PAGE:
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The Graphic Arts Collection has a print by Thomas Nast (1840-1902) clearly torn out of a book or magazine. A quick search uncovered the Illustrated American, November 23, 1895 p. 652-53, where a short paragraph is followed by two Nast designs honoring Princeton’s football team. A Mighty Beast refers to the game on November 2, 1895, when 6,000 fans watched while Princeton beat Harvard 12 to 4. Unfortunately, three weeks later on November 23, a crowd of 35,000 watch Princeton lose to Yale 10 to 20. https://www.newspapers.com/clip/16518993/princeton_12_harvard_4/

Assuredly, these are great days for the tiger. No wonder the royal beast goes about with a smile of complete contentment. Not only is he “in it”—to speak in the vernacular, but everything that has opposed him lately is likewise “in it”—grabbed, gobbled and stowed away in the tiger’s insatiate maw. The Goddess of Reform, before whom all New York was lately burning incense has certainly been badly crunched by Tammany’s tiger, and her recovery is by no means sure. Only two or three days before this gruesome catastrophe, Harvard “tackled” the Princeton tiger on the football field at Princeton with results that no lover of the crimson cares to dwell on. Enough to say that when the game was over it was another case of “the smile on the face of the tiger.”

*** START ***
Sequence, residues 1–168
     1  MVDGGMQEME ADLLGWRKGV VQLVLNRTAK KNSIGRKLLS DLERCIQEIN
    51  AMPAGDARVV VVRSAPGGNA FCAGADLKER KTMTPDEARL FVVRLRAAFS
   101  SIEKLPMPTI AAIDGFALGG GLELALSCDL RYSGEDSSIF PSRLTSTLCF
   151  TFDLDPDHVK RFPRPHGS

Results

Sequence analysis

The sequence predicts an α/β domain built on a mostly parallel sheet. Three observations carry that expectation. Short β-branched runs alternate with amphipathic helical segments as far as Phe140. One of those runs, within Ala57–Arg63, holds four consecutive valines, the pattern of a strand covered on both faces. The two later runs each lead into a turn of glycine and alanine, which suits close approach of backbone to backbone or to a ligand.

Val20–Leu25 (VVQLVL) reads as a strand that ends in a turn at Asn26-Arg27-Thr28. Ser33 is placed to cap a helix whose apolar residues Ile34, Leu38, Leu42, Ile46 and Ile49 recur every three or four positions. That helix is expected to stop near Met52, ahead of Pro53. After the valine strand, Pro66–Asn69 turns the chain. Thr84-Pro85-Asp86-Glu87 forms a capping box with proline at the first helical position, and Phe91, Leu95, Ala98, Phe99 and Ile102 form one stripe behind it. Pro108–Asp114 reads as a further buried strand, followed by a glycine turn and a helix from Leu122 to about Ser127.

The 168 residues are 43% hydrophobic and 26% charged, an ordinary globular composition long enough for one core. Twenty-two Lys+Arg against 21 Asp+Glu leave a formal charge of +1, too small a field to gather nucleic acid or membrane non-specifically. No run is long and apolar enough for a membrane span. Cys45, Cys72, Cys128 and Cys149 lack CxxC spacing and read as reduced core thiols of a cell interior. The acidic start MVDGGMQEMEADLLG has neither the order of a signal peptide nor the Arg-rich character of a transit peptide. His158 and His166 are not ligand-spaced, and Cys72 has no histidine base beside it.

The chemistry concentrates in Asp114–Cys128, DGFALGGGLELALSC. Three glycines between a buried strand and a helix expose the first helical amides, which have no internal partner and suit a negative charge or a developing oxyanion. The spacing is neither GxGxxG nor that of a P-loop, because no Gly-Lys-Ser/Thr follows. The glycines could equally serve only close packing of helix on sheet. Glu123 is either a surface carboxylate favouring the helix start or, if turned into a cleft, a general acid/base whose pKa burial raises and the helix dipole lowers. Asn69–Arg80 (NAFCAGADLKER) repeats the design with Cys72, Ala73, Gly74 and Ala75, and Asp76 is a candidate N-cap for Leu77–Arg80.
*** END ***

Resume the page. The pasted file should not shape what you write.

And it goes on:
The Illustrated American (New York : Illustrated American Pub. Co., 1890-1899). Vol. 1, no. 1 (Feb. 22, 1890)-v. 25, no. 7 (Feb. 17, 1899). ReCAP Oversize 0901.I293q